Venture for America Unveils First Fellows Bound for Detroit, Other Cities

Venture for America believes that attracting talented college graduates to cities grappling with unemployment may help jumpstart those local economies, and now it’s moving forward with its mission to do just that. Last night the New York-based nonprofit debuted its first class of 41 fellows and the companies they will work for across country. Ten Detroit companies—including Digerati, Quikkly, and Benzinga—as well as venture firm Detroit Venture Partners will welcome the fellows. Companies in Cincinnati, New Orleans, Providence, and Las Vegas are also taking on fellows from this summer’s class.

Venture for America is modeled somewhat like Teach for America, but with the goal to bring talented college grads to early-stage companies in cities hit hard by economic challenges. At the end of each two-year session, Venture for America will give $100,000 to the top performing fellows, which they can use as seed money to start their own businesses.

“This has the potential to give rise to a virtuous cycle,” said Andrew Yang, founder of Venture for America, at the event, which was held inside IAC’s headquarters in New York’s Chelsea neighborhood. “As the companies and fellows mature, they create new opportunities, and hire more fellows,” he said.

Yang pointed to a potential problem with the common trend of college graduates in the U.S. being heavily recruited to work in professional services. With these jobs concentrated in cities such as New York, San Francisco, and Boston, other parts of the country are being drained of talent. A bright Wharton student, for example, might not feel inclined to return home to become an entrepreneur after graduation, Yang said. “The odds of going back to create a business and new opportunities are quite low,” he said.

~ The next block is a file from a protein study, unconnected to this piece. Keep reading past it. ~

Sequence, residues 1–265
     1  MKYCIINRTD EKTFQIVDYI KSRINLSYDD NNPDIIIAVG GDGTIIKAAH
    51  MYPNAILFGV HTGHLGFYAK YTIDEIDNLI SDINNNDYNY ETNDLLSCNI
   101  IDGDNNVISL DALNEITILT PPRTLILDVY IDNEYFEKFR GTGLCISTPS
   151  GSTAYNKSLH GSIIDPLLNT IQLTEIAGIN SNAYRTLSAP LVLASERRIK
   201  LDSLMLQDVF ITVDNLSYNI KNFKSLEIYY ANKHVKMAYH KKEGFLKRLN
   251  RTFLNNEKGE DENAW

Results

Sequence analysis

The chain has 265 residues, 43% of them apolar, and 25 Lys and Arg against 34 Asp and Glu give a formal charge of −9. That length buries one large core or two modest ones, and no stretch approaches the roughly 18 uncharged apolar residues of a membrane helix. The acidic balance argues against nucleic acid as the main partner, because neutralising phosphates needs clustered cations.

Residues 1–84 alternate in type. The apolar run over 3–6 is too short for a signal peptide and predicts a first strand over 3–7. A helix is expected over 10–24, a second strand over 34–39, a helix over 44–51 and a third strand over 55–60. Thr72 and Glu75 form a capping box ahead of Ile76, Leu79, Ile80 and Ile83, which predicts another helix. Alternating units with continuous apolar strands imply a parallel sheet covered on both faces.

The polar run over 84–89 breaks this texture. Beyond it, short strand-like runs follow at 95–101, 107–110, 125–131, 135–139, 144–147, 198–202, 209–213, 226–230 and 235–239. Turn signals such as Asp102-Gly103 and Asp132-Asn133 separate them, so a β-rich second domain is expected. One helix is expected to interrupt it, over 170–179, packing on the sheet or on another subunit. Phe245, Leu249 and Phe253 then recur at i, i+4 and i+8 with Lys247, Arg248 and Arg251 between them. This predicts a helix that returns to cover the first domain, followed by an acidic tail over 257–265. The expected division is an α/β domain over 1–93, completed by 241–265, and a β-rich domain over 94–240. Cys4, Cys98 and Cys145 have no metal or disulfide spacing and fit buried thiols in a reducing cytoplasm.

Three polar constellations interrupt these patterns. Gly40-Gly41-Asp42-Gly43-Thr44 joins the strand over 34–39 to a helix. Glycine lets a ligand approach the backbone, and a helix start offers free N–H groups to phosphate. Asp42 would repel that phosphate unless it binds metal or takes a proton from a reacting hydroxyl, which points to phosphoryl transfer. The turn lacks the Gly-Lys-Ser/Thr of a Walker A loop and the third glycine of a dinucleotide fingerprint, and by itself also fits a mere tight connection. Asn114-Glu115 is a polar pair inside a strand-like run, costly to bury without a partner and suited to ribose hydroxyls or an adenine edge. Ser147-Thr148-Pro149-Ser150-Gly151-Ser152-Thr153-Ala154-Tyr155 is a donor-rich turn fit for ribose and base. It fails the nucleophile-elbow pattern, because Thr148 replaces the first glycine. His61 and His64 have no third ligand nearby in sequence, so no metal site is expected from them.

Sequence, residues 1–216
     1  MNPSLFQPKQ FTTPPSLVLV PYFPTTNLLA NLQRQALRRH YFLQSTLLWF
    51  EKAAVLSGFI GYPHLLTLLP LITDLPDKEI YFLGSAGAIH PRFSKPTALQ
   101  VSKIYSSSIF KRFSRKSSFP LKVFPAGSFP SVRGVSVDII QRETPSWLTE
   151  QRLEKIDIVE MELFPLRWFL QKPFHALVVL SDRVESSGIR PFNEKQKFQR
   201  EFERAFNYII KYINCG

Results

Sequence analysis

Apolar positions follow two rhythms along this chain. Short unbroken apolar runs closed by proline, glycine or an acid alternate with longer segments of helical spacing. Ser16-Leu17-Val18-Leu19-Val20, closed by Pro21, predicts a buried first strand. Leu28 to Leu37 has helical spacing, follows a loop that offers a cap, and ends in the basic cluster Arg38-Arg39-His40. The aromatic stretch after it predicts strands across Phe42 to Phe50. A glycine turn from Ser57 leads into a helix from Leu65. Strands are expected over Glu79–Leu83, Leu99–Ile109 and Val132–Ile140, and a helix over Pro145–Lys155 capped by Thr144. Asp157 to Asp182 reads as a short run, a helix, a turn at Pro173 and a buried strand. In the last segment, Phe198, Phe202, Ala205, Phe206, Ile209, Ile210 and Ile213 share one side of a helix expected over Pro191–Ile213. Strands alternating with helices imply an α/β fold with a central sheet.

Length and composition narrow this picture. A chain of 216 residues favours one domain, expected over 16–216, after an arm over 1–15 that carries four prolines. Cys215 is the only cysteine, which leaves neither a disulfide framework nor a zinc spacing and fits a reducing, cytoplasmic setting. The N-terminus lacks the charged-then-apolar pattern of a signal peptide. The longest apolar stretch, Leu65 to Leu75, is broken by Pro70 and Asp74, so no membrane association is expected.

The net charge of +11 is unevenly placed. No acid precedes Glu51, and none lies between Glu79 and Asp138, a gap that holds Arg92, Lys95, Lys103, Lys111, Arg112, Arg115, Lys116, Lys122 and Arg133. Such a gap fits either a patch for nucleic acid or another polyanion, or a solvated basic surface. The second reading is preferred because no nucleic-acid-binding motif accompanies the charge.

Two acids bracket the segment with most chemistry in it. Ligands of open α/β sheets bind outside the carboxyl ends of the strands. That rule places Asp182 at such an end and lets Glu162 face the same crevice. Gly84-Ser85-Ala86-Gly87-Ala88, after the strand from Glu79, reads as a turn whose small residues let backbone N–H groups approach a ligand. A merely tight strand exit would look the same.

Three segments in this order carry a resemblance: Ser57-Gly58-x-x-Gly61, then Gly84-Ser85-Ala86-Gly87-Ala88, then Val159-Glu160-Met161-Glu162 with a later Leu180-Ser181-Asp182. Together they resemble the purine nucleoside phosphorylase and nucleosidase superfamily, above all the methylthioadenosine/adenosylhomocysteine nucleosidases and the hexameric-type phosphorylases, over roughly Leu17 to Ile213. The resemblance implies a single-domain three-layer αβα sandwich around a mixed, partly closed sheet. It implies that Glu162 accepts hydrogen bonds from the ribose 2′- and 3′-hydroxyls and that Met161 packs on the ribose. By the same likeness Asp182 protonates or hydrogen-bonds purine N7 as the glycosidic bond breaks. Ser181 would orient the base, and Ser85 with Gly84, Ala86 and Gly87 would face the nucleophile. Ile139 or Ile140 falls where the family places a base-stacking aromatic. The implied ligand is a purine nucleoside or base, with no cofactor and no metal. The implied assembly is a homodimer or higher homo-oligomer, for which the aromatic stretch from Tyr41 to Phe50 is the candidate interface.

Tony Hsieh, CEO of online shoe and apparel retailer, spoke at the event about his support for Venture for America, as well as an effort to build up the startup community in Las Vegas. “One of our goals is to make downtown Vegas the entrepreneurial capital of the world,” he said.

Zappos, owned by, is based in Henderson, NV and plans to move its headquarters to Las Vegas next year. Hsieh is also the founder of the $350 million Downtown Project in Las Vegas, which includes funding for local tech startups, small businesses, real estate, and residential development. “It’s good for Zappos—ultimately it’s going to help us attract and retain employees—and it’s good for the city,” he said. Downtown Project is also taking on a fellow from Venture for America’s summer class.

Fellows for the program were recruited from schools such as the University of Pennsylvania’s Wharton School, Columbia University, Duke University, and Yale University. Selection of the candidates included video interviews that used New York-based Take the Interview’s platform. Training to prepare the fellows will take place this summer at Brown University. After that the real work will begin when these prodigies dig in to help the companies that chose them.

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